Fife-based plant wholesaler Growforth managing director Stan Green has called for a debate on how to bring back autumn sales of plants in garden centres after plant losses during the cold winter.
Garden centres are turning to Christmas stock and shying away from plants in the autumn as sales fall and winter losses grow, he said.
"A big issue is how we manage risk in the supply chain and encourage autumn sales. How do we help the retailer manage autumn sales? Should we look at risk-sharing of stock? Sale or return of some plants? Garden centres are saying, 'We can't afford losses and want to cut back on stock'. But it's a self-fulfilling prophecy because if you cut back stock, sales fall," Green said.
"Garden centres are thinking about Christmas by the middle of September, and who can blame them after the past two winters?" he asked.
"It's no good promoting evergreen half-hardy stock that's about to flower. We should focus on hardy material or work with the supply chain on just-in-time stock. There's all sorts of ways we can skin this particular cat. We're just trying to avoid blanket cutting back of plants by September."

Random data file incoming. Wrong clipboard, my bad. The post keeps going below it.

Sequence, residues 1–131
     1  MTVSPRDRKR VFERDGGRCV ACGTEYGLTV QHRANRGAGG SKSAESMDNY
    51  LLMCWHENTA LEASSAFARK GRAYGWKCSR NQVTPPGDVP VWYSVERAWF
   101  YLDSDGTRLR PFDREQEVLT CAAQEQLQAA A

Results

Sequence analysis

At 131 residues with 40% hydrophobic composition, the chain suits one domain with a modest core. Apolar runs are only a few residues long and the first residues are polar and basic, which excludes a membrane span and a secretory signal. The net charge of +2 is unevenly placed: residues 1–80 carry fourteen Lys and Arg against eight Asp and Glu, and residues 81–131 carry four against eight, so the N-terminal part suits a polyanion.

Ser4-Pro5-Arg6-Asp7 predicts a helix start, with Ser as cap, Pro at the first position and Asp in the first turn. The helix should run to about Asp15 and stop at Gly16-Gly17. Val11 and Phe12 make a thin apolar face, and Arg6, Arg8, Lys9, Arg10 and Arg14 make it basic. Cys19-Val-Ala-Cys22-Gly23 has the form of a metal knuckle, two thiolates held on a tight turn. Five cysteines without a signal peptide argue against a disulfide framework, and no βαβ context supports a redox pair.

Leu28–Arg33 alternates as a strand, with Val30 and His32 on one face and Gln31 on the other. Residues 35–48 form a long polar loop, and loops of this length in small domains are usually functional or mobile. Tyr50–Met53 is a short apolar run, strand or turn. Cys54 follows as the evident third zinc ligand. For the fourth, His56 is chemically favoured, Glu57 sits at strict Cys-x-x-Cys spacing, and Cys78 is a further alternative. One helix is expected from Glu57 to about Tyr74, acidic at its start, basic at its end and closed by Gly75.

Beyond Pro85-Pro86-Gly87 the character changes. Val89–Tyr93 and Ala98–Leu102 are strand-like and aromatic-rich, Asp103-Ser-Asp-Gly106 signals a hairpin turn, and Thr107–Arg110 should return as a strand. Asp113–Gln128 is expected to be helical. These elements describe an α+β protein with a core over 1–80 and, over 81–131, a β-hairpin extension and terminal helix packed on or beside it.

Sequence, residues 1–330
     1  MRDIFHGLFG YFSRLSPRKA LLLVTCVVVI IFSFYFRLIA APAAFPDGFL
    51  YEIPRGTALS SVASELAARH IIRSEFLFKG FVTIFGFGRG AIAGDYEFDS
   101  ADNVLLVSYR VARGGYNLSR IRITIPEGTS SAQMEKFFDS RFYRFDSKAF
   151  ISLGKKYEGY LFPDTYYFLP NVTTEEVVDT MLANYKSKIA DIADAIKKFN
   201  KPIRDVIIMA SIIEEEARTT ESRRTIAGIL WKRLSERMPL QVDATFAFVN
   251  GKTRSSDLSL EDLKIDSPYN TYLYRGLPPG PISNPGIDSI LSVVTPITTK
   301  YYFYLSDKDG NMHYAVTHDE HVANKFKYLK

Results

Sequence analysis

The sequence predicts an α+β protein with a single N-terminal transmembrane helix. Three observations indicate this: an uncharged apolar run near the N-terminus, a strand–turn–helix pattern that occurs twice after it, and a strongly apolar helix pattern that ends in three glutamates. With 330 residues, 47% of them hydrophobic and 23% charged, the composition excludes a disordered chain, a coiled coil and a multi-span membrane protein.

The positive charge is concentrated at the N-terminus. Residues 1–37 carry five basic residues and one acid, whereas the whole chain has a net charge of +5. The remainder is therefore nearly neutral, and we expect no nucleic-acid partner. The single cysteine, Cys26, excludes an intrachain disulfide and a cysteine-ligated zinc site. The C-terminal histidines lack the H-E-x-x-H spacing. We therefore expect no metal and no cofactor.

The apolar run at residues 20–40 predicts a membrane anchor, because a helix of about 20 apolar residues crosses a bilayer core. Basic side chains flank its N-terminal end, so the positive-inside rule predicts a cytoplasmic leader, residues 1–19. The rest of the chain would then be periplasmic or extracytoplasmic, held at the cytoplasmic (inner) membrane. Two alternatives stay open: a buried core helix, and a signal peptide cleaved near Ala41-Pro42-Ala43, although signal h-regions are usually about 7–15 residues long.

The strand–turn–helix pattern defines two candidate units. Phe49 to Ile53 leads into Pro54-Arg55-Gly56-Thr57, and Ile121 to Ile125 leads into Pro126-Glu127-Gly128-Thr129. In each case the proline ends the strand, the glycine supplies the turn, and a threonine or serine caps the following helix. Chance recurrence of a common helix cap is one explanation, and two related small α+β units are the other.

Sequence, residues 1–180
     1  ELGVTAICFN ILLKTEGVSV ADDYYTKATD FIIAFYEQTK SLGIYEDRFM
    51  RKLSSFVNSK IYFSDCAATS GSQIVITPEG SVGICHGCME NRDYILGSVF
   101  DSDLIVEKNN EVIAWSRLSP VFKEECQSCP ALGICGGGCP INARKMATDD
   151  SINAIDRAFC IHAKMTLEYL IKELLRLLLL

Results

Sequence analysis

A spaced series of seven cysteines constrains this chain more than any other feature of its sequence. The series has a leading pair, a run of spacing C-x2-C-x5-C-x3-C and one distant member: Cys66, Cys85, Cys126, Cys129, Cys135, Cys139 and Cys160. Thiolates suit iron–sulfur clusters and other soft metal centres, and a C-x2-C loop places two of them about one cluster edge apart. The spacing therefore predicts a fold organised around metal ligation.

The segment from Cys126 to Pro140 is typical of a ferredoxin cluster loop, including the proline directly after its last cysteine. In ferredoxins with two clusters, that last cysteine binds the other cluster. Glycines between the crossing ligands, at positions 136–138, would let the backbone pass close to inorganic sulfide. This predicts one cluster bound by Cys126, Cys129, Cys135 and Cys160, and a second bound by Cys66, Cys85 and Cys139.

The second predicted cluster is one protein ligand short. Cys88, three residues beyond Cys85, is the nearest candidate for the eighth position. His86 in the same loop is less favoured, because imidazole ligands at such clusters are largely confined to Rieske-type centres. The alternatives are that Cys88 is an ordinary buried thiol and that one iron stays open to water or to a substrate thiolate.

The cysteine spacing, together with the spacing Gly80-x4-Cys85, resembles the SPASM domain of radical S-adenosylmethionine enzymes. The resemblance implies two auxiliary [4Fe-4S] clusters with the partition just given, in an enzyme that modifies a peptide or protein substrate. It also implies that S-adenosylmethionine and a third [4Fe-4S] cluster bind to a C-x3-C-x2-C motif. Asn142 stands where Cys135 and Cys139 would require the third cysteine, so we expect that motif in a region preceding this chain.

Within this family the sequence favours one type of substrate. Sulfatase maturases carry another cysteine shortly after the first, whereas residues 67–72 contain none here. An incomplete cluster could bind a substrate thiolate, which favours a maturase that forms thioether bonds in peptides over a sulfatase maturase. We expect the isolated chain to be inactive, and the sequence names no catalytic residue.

VIEW FROM GARDEN CENTRE DIRECTORS
- Ken Cox, director, Glendoick Garden centre
"I think Stan is right - in Scotland we have lost stock twice in 12 months and very little stock will be held over in winter. Fewer and fewer people plant in November to February. In the old days, everyone did with bare-rooted stock. It's a complete turnaround in 50 years."
- Caroline Owen, president, HTA
"Garden centres in the past two years have been buying less for autumn and plant sales have been slower. It concerned me last year and we've discussed it a lot at the HTA. But sales in autumn will never be as good as in spring. We're a nation of fair-weather gardeners."